What is trauma-informed yoga? How can trauma-informed yoga help someone with an eating disorder? How does trauma-informed yoga help people to move through their triggers?
In this podcast, Dr. Castagnini speaks with Mary Ortenburger about trauma-informed yoga, what it is and how you can benefit.
MEET MARY ORTENBURGER
Mary Ortenburger is a Licensed Marriage and Family Therapist in private practice in Claremont, CA. She is a Certified Eating Disorder Specialist and Supervisor (CEDS-S), EMDRIA Approved Consultant, and a Certified Gestalt Therapist. In addition, she is a. yoga therapist in training with Be the Change Yoga, working to become a Certified Yoga Therapist, and has a small trauma-informed yoga studio in her private practice, for clients and members of the community.
Visit her website. Connect on Instagram.
IN THIS PODCAST
- Benefits of trauma-informed yoga
- Getting through triggers
- Does flexibility matter?
Benefits of trauma-informed yoga
What makes it different is that there is less directional language than there would be in a typical yoga class. There is a lot of invitational language that we use when we’re queuing postures, so I start my classes by saying “if you choose to lay in savasana for the entire class, then that is the best option for you and your body”. So, it’s encouraging people to make choices moment to moment by paying attention and developing interoceptive awareness to their breath, body and to what feels good. (Mary Ortenburger)
At the core of trauma-informed yoga, it helps people to tune into what feels good in their body and to mend or fix the relationship that they have between themselves and their body cues.
Many people who have experienced deep trauma often are unaware or unable to listen to or understand their body cues because they have shut them down due to the trauma.
In this way, trauma-informed yoga serves to repair that relationship so that the person can learn to listen to and trust their body again.
There’s a calming of the nervous system because it is more gentle flow … holding the long poses reclined or on the ground … people are learning to check in with what feels right for their body. (Mary Ortenburger)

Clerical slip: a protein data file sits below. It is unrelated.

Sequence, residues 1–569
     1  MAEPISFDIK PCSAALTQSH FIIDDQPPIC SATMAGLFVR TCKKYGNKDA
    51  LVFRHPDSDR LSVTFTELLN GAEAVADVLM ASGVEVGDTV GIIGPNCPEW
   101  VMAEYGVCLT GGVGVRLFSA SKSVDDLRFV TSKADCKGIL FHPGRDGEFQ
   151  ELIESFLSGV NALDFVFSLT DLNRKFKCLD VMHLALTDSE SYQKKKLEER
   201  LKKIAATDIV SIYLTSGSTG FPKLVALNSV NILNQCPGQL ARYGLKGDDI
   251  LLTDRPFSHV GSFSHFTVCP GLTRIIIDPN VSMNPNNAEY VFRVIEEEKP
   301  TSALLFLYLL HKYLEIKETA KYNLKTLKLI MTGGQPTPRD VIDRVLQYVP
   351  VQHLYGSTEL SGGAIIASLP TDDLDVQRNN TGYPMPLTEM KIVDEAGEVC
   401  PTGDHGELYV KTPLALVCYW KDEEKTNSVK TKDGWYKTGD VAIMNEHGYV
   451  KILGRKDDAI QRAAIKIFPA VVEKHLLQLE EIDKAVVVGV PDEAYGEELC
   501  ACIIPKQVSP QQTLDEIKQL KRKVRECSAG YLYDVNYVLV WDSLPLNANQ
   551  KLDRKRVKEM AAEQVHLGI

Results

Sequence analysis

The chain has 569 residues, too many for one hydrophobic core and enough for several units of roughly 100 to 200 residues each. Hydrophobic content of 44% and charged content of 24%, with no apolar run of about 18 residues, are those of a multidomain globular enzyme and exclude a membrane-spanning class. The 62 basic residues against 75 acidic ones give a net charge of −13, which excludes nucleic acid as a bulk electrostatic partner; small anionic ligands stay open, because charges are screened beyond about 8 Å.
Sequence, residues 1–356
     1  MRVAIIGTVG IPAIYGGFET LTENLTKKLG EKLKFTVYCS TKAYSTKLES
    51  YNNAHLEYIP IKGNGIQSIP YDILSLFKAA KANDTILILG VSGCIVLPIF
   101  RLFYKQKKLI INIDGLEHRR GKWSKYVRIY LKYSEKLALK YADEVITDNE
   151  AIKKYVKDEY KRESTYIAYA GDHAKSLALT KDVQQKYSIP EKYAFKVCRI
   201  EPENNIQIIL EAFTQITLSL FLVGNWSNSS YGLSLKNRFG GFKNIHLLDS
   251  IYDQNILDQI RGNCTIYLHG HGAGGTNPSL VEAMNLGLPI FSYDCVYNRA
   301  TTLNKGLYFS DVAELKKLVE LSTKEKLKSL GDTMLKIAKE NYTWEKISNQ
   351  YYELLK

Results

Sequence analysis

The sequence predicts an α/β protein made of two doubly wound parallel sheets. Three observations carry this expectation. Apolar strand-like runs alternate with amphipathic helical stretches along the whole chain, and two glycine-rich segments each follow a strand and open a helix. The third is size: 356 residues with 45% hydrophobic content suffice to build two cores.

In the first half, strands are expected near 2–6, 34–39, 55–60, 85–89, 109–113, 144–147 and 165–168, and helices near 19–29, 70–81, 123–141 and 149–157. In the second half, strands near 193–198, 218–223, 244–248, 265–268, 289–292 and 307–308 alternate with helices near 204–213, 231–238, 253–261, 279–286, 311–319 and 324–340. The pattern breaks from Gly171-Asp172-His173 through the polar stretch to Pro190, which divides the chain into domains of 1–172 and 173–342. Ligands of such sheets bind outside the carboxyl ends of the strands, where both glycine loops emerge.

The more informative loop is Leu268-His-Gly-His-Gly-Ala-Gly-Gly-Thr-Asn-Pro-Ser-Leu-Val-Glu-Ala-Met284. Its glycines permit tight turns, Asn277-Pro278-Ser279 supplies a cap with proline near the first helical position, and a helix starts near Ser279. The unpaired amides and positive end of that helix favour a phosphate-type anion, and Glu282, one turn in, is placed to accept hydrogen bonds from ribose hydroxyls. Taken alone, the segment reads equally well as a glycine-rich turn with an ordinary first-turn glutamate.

- Triggers the parasympathetic nervous system,
- Developing mind-body awareness,
- Helps people to find a safe space in their body
Getting through triggers
It’s not about the never being triggered like this isn’t a yoga class where they’re not going to be triggered, it’s [about] learning “oh, that’s happening”, being aware of it and [learning] what choices [you] have around that. (Mary Ortenburger)
Trauma-informed yoga is not about never being triggered, it is about learning how to move through triggers by finding a safe space in the body and practicing awareness of the choices you have in how to react, instead of reacting blindly.
These choices give power back to the clients because they can learn to do what they need to do in order to move through the trigger and not feeling overwhelmed or helpless by the sensation. Clients are given the opportunity to learn how to be there for and support themselves through their triggers, with the guidance and presence of their yoga instructor.
Does flexibility matter?
Flexibility is not important because it is not about building physical strength in the body or building muscle.
This type of yoga is centered around helping the client to feel safe and to learn how to trust their body while learning how to move through their triggers with the help of the lessons and from their instructor.
MEET DR. CRISTINA CASTAGNINI
I am a licensed Psychologist and Certified Eating Disorder Specialist.
While I may have over 20 years of clinical experience, what I also have is the experience of having been a patient who had an eating disorder as well.
One thing that I never had during all of my treatment was someone who could look me in the eye and honestly say to me "hey, I've been there. I understand".
Going through treatment for an eating disorder is one of the hardest and scariest things to do. I remember being asked to do things that scared me. Things I now know ultimately helped me to get better. But, at the time, I had serious doubts and fears about it.
If even one of my providers had been able to tell me "I know it's scary, but I had to go through that part too. Here's what will probably happen...." then perhaps I would not have gone in and out of treatment so many times.
My own experience ultimately led me to specialize in treating eating disorders. I wanted to be the therapist I never had; the one who "got it".
I will be giving you my perspective and information as an expert and clinician who has been treating patients for over 2 decades.
But don't just take my word for it...keep listening to hear the truly informative insights and knowledge guest experts have to share.
I am so happy you are here!
THANKS FOR LISTENING
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Mary Tarushka says:If you haven’t experienced one of Mary Ortenburger’s trauma-informed yoga classes yet, I encourage you to give it a try! Mary’s yoga studio in Claremont is a place of serenity. Her calming and intuitive energy makes everyone feel welcome! It is more than a place to take classes - it is a growing community. Join us!